Toward Queer(er) Homostories

English 391: Studies in Gay and Lesbian Literature
February 24, 2003

The function of queer literature lies somewhere between the ideas of Havelock Ellis and Bennett Singer. Ellis’ assertion that queer literature, in a sense, provides an “insider’s view” of the “human psyche” of queer people, making it somewhat of a speculative writing, fails to capture the importance queer literature plays for queer people. Conversely, Singer’s suggestion that queer literature establishes a sense of queer identity and allows queer readers to relate with other (even fictional) queer people does not address the importance queer literature holds for non-queer people. I think queer literature does, as it should, combine those two approaches to queer literature, which results in a genre that is comfortable for any reader. At the same time, however, I want to propose that queer literature should evolve and look to feminist texts and theorists for ways to grow as a literary art, a way to give voice to oppressed/underrepresented people, and elevate itself on a critical and theoretical level.

Lately I’ve been really interested in feminist (or, more specifically, the French Feminists’) perspectives on writing. Using Lacan’s psychoanalytic understanding of language and the subconscious, Luce Irigaray, Julia Kristeva (who I am least familiar with at the time), and Hélène Cixous spent a good amount of time in the 1970s analyzing the phallocentric construction of language and understanding. Cixous’ suggestion that women should practice écriture feminine, to “write their body,” absolutely fascinates me. In Sorties and The Laugh of the Medusa [both from The Newly Born Woman], Cixous outlines her ideas on how expression can be reclaimed from a system which has been created and enforced by men. While Cixous does make some vague references to homosexuality (or rather, against the overpowering nature of heterosexuality), she doesn’t address queer issues as much as she could. Granted, in the 1970s in France the topic was not as big as it is now, so I hardly blame her for the omission—I think her work as it stands is amazing and extremely thought-provoking. Nonetheless, I think a queer “tweaking” of écriture feminine would prove interesting and I would like to see queer literature head in such a way.

One of Cixious’ disciples/followers/students/etc., Nancy K. Miller, demonstrates a type of écriture feminine that I think can prove extremely useful for queer authors. In Rereading the Sophists, Susan Jarrat discusses Miller’s essay “Arachnologies: The Women, The Text, and the Critic.” In the essay, Jarrat explains, “Miller provides examples of feminist readings which take a revision of logic through narrative as their central strategy” (77). Miller retells Ovid’s story of Arachne, who, in Ovid’s version, “spins a meaningless web” (Jarrat 77). In Miller’s version, on the other hand, “Arachne is reinstated…in the process of weaving a beautiful tapestry with its own story of women raped and destroyed by Zeus” (Jarrat 77). According to Jarrat, “Miller calls her own technique ‘overreading’ an ‘underread’ text. The goal of overreading is…to retrieve a text from anonymity it may have been forced into by a philosophical or ‘masculine’ discourse” (77). I think queer authors can follow Miller and Cixous’ lead to “overread” “underread” texts for queer meanings.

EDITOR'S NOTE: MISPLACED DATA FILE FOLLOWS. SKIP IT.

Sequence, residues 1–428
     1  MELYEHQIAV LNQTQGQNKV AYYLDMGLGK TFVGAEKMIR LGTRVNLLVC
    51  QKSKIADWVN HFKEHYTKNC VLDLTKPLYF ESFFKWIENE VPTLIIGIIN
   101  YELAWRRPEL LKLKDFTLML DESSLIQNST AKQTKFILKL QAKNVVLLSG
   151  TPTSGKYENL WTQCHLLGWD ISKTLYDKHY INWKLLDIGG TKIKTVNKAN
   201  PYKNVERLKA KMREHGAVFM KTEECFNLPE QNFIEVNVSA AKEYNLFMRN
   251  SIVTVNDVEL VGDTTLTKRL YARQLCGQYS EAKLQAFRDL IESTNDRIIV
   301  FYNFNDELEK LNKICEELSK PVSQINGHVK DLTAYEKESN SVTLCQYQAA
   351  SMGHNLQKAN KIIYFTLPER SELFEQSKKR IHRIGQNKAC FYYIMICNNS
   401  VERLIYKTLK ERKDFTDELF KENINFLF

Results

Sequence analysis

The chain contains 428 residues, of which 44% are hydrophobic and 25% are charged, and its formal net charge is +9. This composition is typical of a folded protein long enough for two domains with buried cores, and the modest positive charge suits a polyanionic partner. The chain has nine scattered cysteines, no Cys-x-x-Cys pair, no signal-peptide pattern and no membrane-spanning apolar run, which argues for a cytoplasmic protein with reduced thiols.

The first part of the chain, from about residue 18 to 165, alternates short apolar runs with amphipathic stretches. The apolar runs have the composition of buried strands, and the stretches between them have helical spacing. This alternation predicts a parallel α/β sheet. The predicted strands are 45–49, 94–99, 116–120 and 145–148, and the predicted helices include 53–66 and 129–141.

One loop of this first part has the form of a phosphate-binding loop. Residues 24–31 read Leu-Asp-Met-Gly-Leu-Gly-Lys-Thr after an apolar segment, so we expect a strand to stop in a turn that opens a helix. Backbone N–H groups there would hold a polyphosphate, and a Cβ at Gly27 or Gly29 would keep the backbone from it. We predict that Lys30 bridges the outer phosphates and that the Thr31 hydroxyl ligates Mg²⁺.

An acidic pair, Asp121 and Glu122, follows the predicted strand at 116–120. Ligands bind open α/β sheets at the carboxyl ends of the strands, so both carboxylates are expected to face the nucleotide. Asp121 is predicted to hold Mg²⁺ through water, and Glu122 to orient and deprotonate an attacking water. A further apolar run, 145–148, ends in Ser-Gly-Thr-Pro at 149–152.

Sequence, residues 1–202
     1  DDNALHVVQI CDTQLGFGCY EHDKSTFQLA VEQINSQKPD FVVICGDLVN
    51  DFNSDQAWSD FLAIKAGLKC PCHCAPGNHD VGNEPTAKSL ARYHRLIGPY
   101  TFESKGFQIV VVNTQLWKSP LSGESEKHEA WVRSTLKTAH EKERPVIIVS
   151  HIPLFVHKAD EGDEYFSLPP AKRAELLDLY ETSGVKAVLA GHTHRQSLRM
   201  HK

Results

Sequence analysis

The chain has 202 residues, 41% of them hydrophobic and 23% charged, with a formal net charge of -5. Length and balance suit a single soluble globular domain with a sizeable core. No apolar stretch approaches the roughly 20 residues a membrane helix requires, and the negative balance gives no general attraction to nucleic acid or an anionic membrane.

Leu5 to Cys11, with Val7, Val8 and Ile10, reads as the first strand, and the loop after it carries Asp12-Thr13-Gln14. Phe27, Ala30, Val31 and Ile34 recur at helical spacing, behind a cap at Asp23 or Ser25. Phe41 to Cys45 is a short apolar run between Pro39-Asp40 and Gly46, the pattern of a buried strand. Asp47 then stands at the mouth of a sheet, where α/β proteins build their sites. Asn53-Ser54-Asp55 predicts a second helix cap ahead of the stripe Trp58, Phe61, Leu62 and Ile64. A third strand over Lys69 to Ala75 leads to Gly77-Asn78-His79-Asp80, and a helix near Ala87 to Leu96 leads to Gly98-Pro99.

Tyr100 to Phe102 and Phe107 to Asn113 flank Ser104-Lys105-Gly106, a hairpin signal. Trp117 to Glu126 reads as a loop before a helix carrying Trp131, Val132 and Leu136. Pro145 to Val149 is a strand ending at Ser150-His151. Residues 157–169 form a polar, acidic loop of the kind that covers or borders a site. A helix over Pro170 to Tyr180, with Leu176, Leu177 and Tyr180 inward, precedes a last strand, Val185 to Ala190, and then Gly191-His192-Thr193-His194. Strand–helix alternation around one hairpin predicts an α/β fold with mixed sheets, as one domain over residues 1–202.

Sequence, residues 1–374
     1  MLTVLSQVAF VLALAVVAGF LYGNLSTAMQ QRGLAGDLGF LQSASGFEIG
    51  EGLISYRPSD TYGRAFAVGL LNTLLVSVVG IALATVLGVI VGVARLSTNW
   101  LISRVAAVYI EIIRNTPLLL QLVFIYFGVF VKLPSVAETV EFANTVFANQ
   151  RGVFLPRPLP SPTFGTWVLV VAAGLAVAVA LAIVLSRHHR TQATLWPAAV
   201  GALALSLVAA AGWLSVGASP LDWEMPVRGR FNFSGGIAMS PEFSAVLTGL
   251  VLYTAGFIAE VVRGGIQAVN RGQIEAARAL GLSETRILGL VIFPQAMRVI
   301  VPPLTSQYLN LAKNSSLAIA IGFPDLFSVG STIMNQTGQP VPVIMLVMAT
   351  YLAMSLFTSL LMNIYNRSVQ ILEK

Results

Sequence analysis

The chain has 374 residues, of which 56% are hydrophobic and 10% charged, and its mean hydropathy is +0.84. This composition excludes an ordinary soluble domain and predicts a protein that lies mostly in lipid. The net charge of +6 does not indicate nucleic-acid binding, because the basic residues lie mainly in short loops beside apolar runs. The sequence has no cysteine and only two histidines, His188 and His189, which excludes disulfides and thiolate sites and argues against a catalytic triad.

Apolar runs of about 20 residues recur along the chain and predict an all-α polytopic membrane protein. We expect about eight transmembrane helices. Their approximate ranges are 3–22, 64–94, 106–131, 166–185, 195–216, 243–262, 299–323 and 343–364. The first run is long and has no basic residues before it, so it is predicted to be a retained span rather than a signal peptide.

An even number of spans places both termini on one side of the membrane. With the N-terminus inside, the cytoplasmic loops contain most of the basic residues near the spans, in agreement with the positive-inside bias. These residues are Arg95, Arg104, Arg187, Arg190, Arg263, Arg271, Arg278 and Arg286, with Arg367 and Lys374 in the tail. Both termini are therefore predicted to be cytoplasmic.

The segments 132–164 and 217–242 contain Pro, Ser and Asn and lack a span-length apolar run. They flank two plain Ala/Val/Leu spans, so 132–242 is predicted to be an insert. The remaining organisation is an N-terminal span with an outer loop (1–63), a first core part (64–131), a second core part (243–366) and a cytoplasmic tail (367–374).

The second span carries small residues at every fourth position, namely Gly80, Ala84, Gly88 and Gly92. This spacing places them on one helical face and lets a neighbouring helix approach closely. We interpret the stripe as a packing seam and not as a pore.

Queer literature, then, should become even more “queer.” It should become strange and questionable and fanciful. Just as the feminists have made critiques of history, emphasing the masculine influence and telling hystery or herstory, queers need to displace herterostory and tell homostories. Queer men, as effeminized men from a theoretical standpoint, have been victims of phallocentric/heteronormative doctrines just as much as women. The debates about gender and nature versus nurture are just as important to feminists as they are to queer authors, and the queers, like the feminists, need to uncover the untold stories that need to be told. Just because heterostory tells us that Abraham Lincoln was straight doesn’t mean that we can’t fathom the possibility that he might have had a male lover. Even though suggesting that Jesus was not heterosexual (if he was sexual at all) may be blasphemous, someone needs to ask whether there was something more to the relationships he had with the Disciples. Even if the homostories are not based in “logical” masculine his/heterostorical fact, opening the possibilities makes it easier for contemporary readers to accept queers in mainstream culture. Further, the homostories will continue the feminists work to dismantle the oppressive structure of masculine (not physical “men” but the “masculine” position of power) that has silenced the queers and women and blacks and others and give new ownership to the past and present to those who haven’t had a chance yet—and that should appeal to everyone.

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